Investors blinkered by not so good news from South Africa risk missing out on an investment rally, in accordance with Traditional bank.?
The country’s benchmark stock index slumped 11% during the past year amid stagnant economic growth, a deteriorating fiscal environment and political upheaval, although Federal Reserve’s policy-tightening and concerns above the US-China trade dispute also weighed on emerging-market stocks.
But equities are positioned for just a recovery in 2019 as the economy gathers momentum, Traditional bank analysts including Chief Economist Elna Moolman said inside their quarterly look at African markets, published on Friday.
Even from 7.2% rally since mid-December, the FTSE JSE Africa All Share Index remains near its cheapest in accordance with emerging-market peers in almost seven years, in line with data published by Bloomberg. That’s too pessimistic, given a recovery in consumer spending, healthier household balance sheets and improving consumer confidence, the analysts said.
“A worst-case growth scenario will be priced into South African equities, and now we believe it is overdone,” the analysts said. “We remain constructive within the South African equity market outlook and believe that 2019 will usher from a higher growth path for Nigeria.”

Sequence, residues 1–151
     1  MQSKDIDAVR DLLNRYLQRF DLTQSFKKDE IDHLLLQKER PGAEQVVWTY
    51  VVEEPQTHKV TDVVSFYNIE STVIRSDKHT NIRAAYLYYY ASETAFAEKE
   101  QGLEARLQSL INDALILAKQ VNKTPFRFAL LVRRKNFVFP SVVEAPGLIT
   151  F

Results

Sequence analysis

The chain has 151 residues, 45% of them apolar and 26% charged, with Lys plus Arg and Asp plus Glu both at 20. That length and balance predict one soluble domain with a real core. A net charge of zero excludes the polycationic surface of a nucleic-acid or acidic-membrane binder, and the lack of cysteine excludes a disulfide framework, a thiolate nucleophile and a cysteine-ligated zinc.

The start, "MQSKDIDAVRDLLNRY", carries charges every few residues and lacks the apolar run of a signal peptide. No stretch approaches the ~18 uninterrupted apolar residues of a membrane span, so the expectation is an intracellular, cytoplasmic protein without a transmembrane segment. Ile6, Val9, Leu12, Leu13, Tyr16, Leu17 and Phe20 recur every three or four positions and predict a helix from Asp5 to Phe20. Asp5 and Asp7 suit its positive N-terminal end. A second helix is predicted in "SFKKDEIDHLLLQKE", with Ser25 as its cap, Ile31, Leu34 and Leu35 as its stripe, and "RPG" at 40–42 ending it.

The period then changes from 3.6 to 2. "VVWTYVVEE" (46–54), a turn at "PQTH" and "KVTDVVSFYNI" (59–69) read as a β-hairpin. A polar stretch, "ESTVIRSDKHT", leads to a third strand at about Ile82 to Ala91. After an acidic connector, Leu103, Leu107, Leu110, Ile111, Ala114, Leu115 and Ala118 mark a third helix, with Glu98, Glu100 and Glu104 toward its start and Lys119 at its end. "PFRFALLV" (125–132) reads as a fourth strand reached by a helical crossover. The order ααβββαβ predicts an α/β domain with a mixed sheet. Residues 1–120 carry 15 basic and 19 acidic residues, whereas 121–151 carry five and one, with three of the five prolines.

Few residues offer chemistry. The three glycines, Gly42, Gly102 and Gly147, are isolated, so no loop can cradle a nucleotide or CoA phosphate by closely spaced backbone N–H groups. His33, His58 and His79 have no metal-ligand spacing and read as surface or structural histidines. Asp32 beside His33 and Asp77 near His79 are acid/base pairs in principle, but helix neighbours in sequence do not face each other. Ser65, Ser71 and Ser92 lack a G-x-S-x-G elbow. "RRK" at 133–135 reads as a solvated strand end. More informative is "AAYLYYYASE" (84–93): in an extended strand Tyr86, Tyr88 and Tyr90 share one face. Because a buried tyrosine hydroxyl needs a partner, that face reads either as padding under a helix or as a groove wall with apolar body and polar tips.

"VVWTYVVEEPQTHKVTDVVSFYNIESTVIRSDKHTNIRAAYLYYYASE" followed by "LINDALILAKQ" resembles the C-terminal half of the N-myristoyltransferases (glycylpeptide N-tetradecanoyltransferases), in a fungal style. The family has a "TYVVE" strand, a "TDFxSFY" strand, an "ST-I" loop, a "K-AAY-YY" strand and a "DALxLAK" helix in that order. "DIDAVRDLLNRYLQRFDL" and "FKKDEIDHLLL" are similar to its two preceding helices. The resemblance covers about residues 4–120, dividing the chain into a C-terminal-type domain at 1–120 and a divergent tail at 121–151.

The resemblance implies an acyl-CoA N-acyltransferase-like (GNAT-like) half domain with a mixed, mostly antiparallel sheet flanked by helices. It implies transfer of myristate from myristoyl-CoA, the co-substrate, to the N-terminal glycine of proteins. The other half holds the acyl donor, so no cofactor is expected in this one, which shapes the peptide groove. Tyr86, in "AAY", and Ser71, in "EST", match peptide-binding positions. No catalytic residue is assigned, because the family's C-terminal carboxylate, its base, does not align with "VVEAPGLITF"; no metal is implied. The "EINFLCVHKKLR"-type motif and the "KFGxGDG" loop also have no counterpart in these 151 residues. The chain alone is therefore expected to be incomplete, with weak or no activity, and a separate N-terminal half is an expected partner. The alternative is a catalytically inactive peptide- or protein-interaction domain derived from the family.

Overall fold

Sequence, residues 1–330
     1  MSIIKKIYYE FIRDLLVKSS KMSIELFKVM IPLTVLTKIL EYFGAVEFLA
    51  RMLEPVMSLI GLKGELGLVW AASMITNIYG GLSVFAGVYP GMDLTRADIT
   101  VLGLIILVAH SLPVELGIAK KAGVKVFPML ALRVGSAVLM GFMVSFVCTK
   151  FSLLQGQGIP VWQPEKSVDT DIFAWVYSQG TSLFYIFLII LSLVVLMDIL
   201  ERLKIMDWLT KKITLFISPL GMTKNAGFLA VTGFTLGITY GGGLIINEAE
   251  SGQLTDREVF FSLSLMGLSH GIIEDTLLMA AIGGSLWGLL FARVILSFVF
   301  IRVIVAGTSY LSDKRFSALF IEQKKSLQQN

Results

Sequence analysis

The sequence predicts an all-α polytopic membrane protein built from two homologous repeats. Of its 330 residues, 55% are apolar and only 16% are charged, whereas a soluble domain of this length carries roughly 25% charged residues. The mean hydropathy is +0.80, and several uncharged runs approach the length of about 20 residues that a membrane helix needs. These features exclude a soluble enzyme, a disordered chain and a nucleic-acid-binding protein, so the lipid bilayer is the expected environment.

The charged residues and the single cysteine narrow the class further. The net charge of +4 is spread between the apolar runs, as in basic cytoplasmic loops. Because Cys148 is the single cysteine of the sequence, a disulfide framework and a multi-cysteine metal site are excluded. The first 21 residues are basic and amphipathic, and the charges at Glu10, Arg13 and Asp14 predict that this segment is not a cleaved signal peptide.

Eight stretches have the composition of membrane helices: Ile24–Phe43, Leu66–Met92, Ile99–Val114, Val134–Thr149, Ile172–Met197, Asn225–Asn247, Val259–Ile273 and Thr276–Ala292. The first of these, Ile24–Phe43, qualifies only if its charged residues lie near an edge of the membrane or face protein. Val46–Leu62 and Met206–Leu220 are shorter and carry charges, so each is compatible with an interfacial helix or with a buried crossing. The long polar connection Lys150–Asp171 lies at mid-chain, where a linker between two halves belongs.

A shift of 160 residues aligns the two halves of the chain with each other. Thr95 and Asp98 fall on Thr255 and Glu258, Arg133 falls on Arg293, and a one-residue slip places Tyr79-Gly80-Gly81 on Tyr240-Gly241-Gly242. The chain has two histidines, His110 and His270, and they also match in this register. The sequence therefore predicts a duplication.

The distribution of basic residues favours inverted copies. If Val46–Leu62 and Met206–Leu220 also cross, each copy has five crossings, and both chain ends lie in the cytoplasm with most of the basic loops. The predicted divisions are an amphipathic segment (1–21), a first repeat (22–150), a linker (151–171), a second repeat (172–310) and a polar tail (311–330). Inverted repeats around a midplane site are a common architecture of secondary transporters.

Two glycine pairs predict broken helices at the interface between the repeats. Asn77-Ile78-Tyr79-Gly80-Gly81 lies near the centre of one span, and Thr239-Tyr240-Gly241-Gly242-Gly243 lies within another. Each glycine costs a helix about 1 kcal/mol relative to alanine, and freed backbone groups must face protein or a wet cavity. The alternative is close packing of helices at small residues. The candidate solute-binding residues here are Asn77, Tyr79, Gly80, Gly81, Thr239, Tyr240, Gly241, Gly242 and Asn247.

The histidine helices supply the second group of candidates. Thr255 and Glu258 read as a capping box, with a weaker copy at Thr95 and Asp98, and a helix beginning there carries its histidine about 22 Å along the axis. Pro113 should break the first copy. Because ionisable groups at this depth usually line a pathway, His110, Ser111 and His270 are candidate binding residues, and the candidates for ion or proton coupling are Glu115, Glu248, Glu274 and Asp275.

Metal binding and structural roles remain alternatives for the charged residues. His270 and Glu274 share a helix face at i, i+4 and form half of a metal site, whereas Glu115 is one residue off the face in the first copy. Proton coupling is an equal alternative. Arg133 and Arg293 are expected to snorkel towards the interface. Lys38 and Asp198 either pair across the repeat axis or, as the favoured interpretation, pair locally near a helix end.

Not everyone agrees. Foreign investors sold a web R53 billion ($3.9 billion) of South African equities recently and also have dumped another R12.1 billion in January. The economy is forecast to build just 1.5% in 2019 following last year’s estimated 0.7% expansion. Investors will also be focused on President Cyril Ramaphosa’s opportunity to implement much-needed reforms as an election looms in May.
“Growth-skeptical investors seem to be awaiting an absolute growth recovery,” the common Bank analysts said. “Even factoring in investors’ more pessimistic growth outlook, the world thinks the market industry is overly discounting not so great news, having de-rated more in 2018 compared to previous risk-off phases barring the international financial doom and gloom additionally, the 1998 Asian crisis.”
? 2019 Bloomberg L.P